Video Competition at the FCC

April 9, 2009

FCC Broadband Policy Beginnings

April 9, 2009

As the FCC, USDA, and NTIA get set to disburse $7.2 billion in moneys to telecommunications companies for broadband deployment, penetration, and mapping along with E-Rate type services and tele-medicine, the FCC has to actually come up with a National Broadband Strategy.
"The American Recovery and Reinvestment Act charged the FCC with creating a plan to give all Americans access to broadband. The FCC began the effort, which will include a series of hearings and meetings, on Wednesday by asking for public comment. The FCC must present the plan to lawmakers by Feb. 17, 2010." [Infoweek]
One would have thought that former FCC Chairman Martin would have put a national policy in place, but all he had was a chalk board with "ideas" or guidelines that the telcos could ignore. Now acting FCC Chair Copps has been tasked and he takes this seriously.
"This commission has never, I believe, received a more serious charge than the one to spearhead development of a national broadband plan," FCC Chairman Michael Copps said in a statement Wednesday.


Mobile VoIP is a Problem

April 8, 2009

There are so many mobile voice apps I cannot even keep track. Some are convoluted. Some are callback services. Some are pure packet based VoIP that eat up data usage.

Caught My Eye at VoiceCon

April 8, 2009

At VoiceCon, Grandstream had some new SIP-based gadgets including the video telephony units that VidTel is using and video surveillance gear. As TMC's Erik Linask reports here, "The first products in the new line include one- and four-port video servers/encoders -- its GXV3501 and GXV3504 -- and an IP video camera -- the GXV3601.... All three products leverage Grandstream's experience with H.264 real-time video compression, providing clear video while optimizing bandwidth usage, and SIP-based VoIP technology for providing two-way audio and video streaming to mobile phones and desktop video phones."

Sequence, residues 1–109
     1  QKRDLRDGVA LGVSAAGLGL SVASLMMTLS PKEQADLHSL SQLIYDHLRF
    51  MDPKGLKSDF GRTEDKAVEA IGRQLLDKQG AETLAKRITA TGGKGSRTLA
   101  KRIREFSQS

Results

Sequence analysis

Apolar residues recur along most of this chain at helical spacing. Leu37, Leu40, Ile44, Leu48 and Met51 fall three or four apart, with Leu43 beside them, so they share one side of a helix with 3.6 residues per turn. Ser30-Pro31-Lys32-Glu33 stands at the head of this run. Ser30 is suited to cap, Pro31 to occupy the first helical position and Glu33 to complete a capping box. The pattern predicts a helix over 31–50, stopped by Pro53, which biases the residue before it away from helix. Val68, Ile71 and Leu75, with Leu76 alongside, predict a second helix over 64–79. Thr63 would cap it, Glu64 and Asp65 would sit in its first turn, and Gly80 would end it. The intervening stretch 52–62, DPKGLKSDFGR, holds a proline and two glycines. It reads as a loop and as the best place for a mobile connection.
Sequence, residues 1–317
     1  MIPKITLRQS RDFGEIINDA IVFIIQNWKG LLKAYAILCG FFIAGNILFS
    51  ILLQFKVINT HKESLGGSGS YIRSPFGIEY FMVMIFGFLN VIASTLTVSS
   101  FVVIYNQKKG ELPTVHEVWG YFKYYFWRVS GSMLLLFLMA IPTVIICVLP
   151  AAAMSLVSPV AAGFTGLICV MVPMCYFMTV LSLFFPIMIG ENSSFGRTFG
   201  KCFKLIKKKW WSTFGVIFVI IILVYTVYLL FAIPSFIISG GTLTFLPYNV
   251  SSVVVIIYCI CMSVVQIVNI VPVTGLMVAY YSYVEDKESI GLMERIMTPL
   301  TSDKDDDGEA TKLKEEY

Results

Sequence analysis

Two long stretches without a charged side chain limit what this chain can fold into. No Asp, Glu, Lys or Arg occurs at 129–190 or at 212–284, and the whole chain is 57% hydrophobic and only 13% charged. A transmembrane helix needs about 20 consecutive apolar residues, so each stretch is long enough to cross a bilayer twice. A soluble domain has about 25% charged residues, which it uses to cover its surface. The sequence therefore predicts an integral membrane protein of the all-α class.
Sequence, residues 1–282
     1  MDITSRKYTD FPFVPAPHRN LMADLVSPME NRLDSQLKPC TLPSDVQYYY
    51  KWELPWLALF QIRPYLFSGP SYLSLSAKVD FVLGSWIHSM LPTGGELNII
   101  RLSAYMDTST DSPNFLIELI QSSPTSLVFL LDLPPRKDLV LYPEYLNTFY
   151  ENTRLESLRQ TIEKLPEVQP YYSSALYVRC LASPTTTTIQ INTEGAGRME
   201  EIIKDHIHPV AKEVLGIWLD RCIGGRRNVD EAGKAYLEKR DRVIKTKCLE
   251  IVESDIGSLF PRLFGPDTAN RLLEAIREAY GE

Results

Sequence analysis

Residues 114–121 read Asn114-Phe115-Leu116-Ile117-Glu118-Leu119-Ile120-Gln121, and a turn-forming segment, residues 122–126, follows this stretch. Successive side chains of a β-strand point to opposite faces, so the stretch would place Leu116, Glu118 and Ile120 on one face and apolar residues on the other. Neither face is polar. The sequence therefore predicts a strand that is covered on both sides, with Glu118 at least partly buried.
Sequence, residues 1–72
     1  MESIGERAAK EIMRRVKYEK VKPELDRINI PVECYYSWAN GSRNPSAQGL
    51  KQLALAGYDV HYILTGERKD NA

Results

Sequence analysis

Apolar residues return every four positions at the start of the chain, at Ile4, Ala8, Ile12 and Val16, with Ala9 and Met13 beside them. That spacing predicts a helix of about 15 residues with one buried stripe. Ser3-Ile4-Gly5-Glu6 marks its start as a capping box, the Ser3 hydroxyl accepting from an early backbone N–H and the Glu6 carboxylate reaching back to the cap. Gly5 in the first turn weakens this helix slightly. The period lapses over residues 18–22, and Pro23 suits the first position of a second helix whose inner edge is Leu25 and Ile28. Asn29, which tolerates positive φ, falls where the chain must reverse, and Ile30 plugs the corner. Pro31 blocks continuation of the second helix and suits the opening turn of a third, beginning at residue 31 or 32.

But the other hardware surprise for me was Aastra's Clearspan. It's basically an Aastra branded version of Broadsoft on a blade server for enterprise.

Are You Still an ILEC Agent?

April 7, 2009

This from Telephony online and the Convergence Consulting Group:
The latest in an annual study of the bundled services market shows US telecom service providers are losing wireline voice customers at a faster pace and being transformed in the process into companies that will look very different from their traditional telecom roots. The Battle for the American Couch Potato: Bundling, TV, Internet, Telephone, Wireless, released this week by the Convergence Consulting Group, shows maintaining a broadband connection is increasingly important to telecom providers, as wireline voice services become much less important.
If you look at the numbers in that PDF report and you still think that the QBPP is a viable option or that the last 400K businesses in the BellSouth region will somehow see the light and convert, I have some land for you in South Florida.

I have written about this in years past: the telcos have finally hit the wall. Everything is flat or down now: TV, wireline, cellular, and broadband.


How Many Minutes?

April 7, 2009

Merger Rumors Abound

April 7, 2009

Well, it is conference month with the industry gathering at CTIA and VoiceCon (and other shows). And when we get together we tend to gossip. The latest rumors (some thanks to Telecom Ramblings) involve XO, TWTC, and Qwest.

Apparently, Qwest longhaul business - the original Qwest - is for sale, but who has that kind of money to buy it?

Duopoly against the City

April 6, 2009

CircleID has the story of ILECs and Cable companies once again fighting municipalities, like BellSouth and Cox fought LUS.

With President Obama determined to promote the development of open network telecommunications and smart grid networks we can expect the incumbents to step up their legal battles to stop this from happening.

In relation to the recent $7 billion stimulus package AT&T made a statement that it didn't need the money, but that it would launch a defensive campaign against any competitors using the money to encroach on its territory.

To me, it's anti-American for the Duopoly to fight the city. It's more taxpayer money that could be used for something useful that gets used to fight against two enemies of progress and innovation.